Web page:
Few national problems seem more intractable than homelessness.
On any given night last year, more than half a million people were experiencing homelessness in America, according to the Department of Housing and Urban Development. Recent counts place New York City’s homeless population at 78,676 and Los Angeles’ at 49,955. Thousands more, equivalent in size to small towns, can be found in city after city: more than 12,000 in and around Seattle; over 8,500 in metropolitan San Diego; and more than 6,000 each in Boston, the Las Vegas area and the county that holds Phoenix.
Even Austin, Texas, which has one of the lowest unemployment rates among America’s largest metropolitan areas (2.8%), is engaged in a heated debate over how to best address homelessness.
Washington can't solve the problem
Some look to Washington to solve the problem. But an issue this persistent and multifaceted is unlikely to be fixed by the federal government alone. Innovative new approaches are more likely to come from local communities, America’s “laboratories of democracy.”
Traditionally, most community leaders have looked to “experts” to solve problems like homelessness. They confer with faculty members at local universities, national policy specialists, members of the local medical community, shelter providers and food kitchen operators.
One group of stakeholders usually left out of the equation are those directly impacted by the problem — the homeless themselves. We forget to ask what they need to get back on their feet.
In Austin, they’ve adopted this different approach, engaging those experiencing homelessness in the fight against it, “co-creating” solutions with those living the problem.
This is a significant departure from business as usual. Who knows better the trials of asking for change, jockeying for space in a Salvation Army shelter or falling through the safety net than someone who has lived this life?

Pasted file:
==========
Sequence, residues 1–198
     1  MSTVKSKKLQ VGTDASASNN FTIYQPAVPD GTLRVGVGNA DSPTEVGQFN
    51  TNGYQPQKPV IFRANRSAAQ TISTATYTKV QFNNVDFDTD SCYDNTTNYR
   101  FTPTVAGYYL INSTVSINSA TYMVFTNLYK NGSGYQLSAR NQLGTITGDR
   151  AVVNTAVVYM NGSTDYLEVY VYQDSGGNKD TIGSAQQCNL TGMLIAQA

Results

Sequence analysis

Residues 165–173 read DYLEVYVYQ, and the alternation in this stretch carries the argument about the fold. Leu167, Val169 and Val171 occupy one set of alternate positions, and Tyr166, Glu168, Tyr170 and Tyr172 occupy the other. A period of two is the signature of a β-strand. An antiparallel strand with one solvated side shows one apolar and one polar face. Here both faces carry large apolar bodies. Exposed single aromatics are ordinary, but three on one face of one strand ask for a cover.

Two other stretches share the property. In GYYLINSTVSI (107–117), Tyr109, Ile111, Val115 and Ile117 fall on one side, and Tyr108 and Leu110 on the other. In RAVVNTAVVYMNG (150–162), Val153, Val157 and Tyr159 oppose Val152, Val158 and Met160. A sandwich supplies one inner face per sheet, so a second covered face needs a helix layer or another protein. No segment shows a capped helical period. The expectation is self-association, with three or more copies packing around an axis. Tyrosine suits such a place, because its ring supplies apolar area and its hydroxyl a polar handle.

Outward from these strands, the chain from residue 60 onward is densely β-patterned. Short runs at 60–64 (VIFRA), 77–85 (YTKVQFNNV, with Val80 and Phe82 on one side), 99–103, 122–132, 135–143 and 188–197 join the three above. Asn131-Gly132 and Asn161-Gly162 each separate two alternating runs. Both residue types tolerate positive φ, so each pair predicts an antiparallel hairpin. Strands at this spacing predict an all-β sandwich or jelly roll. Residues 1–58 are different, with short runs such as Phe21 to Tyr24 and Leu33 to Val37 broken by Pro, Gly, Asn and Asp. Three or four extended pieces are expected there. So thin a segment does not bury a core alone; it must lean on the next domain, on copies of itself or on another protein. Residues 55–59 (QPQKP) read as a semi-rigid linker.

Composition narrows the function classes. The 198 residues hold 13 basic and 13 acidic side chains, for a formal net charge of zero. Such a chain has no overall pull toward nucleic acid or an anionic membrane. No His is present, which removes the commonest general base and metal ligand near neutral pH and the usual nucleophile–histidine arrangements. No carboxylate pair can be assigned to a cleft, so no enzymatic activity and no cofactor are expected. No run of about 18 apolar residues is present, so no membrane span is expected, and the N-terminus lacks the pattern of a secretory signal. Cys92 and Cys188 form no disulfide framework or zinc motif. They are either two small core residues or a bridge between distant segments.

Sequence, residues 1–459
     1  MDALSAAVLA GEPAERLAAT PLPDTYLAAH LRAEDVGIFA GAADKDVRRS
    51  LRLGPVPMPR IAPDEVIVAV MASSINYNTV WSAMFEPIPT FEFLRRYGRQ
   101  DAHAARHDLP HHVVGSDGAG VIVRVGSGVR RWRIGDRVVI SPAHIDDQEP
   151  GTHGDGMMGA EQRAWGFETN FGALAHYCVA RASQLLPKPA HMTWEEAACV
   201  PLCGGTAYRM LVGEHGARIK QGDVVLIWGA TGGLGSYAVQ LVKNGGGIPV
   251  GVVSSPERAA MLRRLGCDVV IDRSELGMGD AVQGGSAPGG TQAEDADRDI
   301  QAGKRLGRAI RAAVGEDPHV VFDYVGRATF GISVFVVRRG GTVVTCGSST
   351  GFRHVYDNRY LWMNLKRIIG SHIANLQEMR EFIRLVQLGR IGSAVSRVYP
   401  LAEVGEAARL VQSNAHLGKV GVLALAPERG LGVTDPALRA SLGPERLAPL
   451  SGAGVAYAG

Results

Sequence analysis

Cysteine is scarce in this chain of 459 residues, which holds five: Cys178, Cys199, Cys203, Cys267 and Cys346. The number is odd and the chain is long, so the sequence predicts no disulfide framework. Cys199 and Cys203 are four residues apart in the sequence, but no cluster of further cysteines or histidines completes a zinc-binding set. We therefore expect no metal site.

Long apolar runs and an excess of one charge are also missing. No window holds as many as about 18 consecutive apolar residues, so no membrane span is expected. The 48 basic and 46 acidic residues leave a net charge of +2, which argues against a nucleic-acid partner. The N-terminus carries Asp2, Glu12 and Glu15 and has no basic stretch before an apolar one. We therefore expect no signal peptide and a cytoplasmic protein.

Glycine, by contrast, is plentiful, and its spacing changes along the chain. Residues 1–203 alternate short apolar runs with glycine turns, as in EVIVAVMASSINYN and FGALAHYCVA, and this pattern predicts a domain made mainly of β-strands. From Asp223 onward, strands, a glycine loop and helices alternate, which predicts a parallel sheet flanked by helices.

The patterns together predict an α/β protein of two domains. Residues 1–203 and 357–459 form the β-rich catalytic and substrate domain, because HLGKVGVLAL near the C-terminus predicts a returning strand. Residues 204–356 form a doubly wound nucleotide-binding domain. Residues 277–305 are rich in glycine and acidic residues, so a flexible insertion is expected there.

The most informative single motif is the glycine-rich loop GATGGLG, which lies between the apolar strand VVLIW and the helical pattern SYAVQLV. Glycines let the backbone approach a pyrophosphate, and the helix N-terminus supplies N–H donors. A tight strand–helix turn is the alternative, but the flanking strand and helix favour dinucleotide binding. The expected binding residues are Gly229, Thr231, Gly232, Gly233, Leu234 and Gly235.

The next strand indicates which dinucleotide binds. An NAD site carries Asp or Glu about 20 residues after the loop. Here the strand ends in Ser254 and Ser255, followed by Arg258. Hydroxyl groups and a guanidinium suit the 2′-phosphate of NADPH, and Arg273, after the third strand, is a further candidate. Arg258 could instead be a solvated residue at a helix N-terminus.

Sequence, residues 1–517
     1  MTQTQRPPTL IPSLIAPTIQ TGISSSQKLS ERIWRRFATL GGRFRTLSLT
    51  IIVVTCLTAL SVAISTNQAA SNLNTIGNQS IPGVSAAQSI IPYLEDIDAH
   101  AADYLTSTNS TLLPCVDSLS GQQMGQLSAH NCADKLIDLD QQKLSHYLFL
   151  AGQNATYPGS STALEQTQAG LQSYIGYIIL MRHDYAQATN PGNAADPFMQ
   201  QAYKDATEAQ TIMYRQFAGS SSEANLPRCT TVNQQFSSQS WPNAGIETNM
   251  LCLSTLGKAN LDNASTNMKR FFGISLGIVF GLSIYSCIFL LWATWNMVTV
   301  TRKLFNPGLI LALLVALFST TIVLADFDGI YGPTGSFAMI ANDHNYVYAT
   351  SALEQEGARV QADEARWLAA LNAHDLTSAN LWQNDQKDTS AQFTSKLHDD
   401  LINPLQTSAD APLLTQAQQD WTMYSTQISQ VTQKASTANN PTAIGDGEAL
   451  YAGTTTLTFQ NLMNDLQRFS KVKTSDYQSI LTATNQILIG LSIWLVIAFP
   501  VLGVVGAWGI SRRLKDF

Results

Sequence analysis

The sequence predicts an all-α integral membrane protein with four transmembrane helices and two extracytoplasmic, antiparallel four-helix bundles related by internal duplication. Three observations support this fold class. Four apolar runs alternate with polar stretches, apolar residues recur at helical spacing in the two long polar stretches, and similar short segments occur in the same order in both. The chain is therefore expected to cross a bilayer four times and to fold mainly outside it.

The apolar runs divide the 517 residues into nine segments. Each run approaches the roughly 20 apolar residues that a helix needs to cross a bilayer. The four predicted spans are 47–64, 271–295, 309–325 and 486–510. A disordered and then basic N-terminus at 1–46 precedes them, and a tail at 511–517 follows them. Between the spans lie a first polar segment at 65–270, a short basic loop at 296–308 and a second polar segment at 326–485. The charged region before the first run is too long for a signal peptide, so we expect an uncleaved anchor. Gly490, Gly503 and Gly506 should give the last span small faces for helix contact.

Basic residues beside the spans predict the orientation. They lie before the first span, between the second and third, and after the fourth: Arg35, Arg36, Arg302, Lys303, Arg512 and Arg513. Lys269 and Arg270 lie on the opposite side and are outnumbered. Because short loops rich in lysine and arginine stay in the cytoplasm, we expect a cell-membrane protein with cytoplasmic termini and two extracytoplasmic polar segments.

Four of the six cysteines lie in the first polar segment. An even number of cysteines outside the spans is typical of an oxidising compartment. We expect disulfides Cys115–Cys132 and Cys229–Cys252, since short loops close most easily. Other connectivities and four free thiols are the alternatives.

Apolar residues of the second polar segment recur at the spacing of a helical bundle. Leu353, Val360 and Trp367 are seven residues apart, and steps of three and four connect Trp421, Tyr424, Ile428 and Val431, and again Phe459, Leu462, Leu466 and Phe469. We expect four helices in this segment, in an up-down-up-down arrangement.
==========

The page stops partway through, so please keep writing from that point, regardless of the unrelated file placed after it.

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The Austin approach is important for a second reason as well: It gives the effort legitimacy and restores trust in the process, two things in short supply today. It tells people experiencing homelessness (and everyone else in the community) that their ideas matter; that city officials are not just going through the motions for political reasons.
The brainchild of Austin’s Innovation Office, the Homelessness Advisory Committee was established in 2017. As Kerry O’Connor, Austin’s chief innovation officer, told Bloomberg Cities, “Until you understand the lived experience of people and can bring that qualitative information in, you’re always going to be flying with a skewed radar that’s sending you in a slightly off direction.”
Public engagement is worth it
Advisory committee members meet at a public library branch. The process is sometimes messy, even chaotic. “The first time we had about 15 people in the room … a lot of them were looking at us like we were crazy,” Lincoln Neiger, a member of the team working with the Austin Homelessness Advisory Committee, told us. “When it comes down to it, … they want to find a way to give back to their own community that they know is so neglected.”
Several “Why didn’t we think of this sooner?” ideas have grown out of the initiative: providing people experiencing homeless with storage lockers so they can protect their belongings while getting back on their feet; distributing travel-size personal hygiene products to those living on the street so they can carry them when they change locations; and providing them secure online access, using “blockchain” technology, to identity documents they might need for job interviews, for example.
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Because these initiatives are new, it’s way too early to evaluate their success. Even so, it’s small scale, incremental innovations such as these — coupled with large scale initiatives for mental health support, substance abuse treatment and housing — that will enable many of those experiencing homelessness to return to normal lives someday.
What’s needed now is more such experimentation. Cities need to consider new ways to address these persistent problems and to share decision-making power with those most impacted by the problems.
While financial support from Washington can help, research shows that local community entrepreneurs — citizens and leaders alike — through teamwork and trial and error, are the source of most solutions to our shared national problems. Homelessness will be no exception.
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This article originally appeared on USA TODAY: Homelessness: A national problem best solved at the local level